CSX's Discount Won't Last Forever

 | Jul 16, 2013 | 9:00 AM EDT
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CSX (CSX), a railroad that operates primarily in the eastern U.S., will reports second-quarter earnings after the close today, and the consensus is that the company earned $0.47 a share, compared with $0.49 a year ago, a very respectable result considering the significant year-over-year decline in utility coal volumes. The company's exposure to utility coal has weighed heavily on the share price, which has significantly underperformed its railroad peer group over the past year.

After terrible relative stock market performance in 2012, when its shares were down 19%, CSX has bounced back this year, gaining 24.2%. But even after this year's rebound, CSX is trading at a big discount to its peer group and to the market. At 13.8x  2013's earnings estimates and 12.2x next year's estimate, and a 2.45% dividend yield, the shares offer good value today with a chance for multiple expansion and earnings growth as the economy improves and coal volume comparisons get easier.

Apart from the decline in the utility coal business, there is much to like about CSX's business outlook. The company has a very diverse business mix. Merchandise and intermodal make up 80% of company revenue. CSX offers broad exposure to an improving economy. Chemicals, automotive, agriculture, phosphates and forest products each represent 5% or more of CSX's volume. The housing market drives nearly 6% of CSX's business.

CSX has been able to deliver solid results despite the sluggish economy and declining coal business, in part because it manages its business so efficiently. The company has an excellent safety record, and its on-time performance is at record levels. In the past six years, the company's operating margin has increased by 710 basis points, from 22.3% to 29.4%. The company is on track to meet its $150 million target in efficiency savings this year, and it's targeting a high-60s operating ratio by 2015.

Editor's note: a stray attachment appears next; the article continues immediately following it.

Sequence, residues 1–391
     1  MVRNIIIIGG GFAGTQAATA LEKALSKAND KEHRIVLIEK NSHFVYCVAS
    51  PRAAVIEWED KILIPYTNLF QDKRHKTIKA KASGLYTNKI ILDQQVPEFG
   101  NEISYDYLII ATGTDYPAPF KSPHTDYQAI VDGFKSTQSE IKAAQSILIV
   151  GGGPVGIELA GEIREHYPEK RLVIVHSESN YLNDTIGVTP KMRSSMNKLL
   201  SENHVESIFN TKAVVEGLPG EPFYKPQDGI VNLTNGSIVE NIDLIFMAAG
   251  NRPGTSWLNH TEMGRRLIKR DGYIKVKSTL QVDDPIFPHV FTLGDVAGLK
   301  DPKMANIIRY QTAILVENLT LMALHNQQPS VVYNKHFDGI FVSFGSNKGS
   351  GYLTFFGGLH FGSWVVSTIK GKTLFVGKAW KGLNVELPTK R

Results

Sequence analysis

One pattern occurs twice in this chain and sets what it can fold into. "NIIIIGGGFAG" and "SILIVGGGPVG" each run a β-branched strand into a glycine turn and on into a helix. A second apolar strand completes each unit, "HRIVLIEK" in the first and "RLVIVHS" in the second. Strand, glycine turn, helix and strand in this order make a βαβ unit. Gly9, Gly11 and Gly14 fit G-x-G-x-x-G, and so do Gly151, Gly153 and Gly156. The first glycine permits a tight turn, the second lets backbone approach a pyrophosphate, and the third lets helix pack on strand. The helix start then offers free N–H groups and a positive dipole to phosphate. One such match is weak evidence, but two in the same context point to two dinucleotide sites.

Earnings have increased at a 12% annual growth rate over the past six years. The decline in the coal business will lead to a flat earnings year in 2013, but growth should resume next year, and the company expects to show 10% to 15% in annual earnings growth through 2015.

Finally, the company recently increased its dividend by 7% to $0.60 annually (a 2.45% dividend yield) and announced a $1 billion share-repurchase program over the next two years.

CSX is a well-run railroad trading at a very reasonable price. Investors looking for a way to participate in an improving U.S. economy should hop on board before the train leaves the station.

One caveat: We would wait for today's earnings release after the market and tomorrow's conference call and consider starting the position on Wednesday.

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